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CLIMATOLOGY.— Climatic charts depicting jet stream winds are somewhat misleading. They show a single jet (figures 8-3-7 and 8-3-8), when





Figure 8-3-6.—Jet fingers.


Figure 8-3-7.—Mean seasonal jet stream distribution for January.


Figure 8-3-8.—Mean seasonal jet stream distribution for July.

in fact there are more than one. This single or mean jet stream is the result of the averaging of all the upper-level westerlies over a given hemisphere for a specific period of time. The mean jet stream of the Northern Hemi-sphere is found between 25°N and 45°N, depending on the season of the year. The polar-front jet and subtropical jet both exist within these boundaries; however, the mean should not be thought of as being specifically representative of either. REMEMBER, THE MEAN JET IS DERIVED FROM ALL UPPER-LEVEL WESTERLIES OVER A GIVEN HEMI-SPHERE, FOR A GIVEN PERIOD.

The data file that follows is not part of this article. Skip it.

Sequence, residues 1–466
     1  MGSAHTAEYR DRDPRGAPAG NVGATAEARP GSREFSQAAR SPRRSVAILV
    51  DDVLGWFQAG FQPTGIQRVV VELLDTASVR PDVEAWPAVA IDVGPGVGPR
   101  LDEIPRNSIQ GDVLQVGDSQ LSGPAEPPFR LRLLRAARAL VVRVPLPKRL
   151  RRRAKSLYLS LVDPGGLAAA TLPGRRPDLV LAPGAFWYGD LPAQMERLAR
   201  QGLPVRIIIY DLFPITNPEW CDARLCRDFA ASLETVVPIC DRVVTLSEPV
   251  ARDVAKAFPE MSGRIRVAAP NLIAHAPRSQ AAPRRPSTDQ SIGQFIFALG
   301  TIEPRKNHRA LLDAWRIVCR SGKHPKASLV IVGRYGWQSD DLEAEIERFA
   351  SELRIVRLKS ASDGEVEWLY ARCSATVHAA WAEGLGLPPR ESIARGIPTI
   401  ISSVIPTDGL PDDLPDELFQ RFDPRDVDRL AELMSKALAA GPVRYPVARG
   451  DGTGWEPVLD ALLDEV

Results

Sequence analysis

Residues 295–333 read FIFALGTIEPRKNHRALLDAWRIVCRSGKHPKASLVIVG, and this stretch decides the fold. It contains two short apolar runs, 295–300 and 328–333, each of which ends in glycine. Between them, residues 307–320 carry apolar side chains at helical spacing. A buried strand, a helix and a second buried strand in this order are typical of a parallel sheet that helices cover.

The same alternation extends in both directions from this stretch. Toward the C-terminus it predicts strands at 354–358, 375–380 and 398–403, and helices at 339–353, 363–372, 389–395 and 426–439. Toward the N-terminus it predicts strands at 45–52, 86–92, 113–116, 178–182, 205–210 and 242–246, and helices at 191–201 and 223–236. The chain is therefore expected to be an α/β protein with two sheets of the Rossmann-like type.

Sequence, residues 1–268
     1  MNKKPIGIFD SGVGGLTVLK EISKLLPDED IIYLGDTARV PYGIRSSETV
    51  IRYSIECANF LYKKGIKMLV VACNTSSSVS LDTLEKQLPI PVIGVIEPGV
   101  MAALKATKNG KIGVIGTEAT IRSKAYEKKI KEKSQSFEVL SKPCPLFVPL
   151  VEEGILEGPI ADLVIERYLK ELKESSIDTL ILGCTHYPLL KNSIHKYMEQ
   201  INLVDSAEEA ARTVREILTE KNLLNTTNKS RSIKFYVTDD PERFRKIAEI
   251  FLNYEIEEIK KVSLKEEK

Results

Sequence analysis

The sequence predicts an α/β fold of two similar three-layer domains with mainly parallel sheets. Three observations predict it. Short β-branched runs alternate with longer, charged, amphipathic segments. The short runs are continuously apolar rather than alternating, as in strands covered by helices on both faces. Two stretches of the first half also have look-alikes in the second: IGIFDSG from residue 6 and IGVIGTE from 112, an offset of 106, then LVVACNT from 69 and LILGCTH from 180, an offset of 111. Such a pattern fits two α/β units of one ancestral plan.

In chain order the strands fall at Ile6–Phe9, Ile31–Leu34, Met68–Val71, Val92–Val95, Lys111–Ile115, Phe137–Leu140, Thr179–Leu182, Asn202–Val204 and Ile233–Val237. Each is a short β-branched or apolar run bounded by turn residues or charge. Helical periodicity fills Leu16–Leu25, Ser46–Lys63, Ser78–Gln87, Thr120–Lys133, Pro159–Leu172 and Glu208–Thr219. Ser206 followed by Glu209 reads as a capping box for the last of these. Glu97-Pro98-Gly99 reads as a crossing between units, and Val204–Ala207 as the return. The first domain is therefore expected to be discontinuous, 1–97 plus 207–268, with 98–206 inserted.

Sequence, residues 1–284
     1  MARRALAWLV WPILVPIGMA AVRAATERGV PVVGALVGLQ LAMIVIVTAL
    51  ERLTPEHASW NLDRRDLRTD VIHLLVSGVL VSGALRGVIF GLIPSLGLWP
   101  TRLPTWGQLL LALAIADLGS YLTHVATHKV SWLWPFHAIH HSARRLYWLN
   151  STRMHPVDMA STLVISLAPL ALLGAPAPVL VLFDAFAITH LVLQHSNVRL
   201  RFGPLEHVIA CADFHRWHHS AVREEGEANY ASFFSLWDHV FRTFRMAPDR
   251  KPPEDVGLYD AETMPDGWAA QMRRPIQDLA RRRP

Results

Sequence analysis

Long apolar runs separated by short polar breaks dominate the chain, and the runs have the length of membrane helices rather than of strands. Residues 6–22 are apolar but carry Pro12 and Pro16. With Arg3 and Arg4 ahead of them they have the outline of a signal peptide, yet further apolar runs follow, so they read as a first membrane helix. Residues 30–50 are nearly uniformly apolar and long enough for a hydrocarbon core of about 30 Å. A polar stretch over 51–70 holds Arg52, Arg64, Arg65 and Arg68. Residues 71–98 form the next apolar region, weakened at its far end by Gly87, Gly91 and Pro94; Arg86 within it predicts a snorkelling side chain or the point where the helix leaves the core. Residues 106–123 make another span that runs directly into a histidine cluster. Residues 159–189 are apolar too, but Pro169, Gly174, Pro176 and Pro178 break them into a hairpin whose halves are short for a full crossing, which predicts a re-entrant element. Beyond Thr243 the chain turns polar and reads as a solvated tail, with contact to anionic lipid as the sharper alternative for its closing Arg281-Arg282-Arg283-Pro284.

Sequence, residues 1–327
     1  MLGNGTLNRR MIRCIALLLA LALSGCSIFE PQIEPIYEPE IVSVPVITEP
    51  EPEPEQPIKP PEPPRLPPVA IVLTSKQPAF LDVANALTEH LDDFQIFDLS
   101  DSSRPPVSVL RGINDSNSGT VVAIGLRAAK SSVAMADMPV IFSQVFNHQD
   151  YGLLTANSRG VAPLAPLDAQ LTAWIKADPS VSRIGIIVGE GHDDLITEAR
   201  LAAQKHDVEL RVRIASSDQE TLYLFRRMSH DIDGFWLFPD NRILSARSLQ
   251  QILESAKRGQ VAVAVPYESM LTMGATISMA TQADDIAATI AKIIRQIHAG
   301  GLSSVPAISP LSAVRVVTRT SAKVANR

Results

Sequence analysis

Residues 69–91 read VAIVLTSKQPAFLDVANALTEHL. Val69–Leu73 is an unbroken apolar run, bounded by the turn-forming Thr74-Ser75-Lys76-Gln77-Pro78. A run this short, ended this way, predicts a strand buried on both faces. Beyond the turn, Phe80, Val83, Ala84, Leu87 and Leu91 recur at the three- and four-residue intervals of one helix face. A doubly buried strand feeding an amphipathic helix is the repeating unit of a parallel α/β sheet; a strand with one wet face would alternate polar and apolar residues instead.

Climatic statistics show that the mean jet of winter is stronger (70 knots) than the mean of summer (35 knots), that the jet core is slightly higher in winter, and that the depth of jet winds is much greater in winter. This last fact is the reason we use the 300-mb chart in jet stream analysis during the winter and the 200-mb chart during the summer.

No matter what the season, certain areas of the Northern Hemisphere have greater jet stream winds than others. The strongest jets are en-countered over Japan when a polar-front jet and a subtropical jet merge over the area. Winds close to 300 knots are not uncommon when this merger takes place. Other areas where strong jets are the norm are off the east coast of the United States, over the Sahara Desert, and the Arabian Sea. From this, we can say that higher velocity jet streams are concentrated near east coasts of continents, and lower velocity jets are found over west coasts of continents. There is also a greater latitudinal fluctuation in jet streams over the west coasts of continents.

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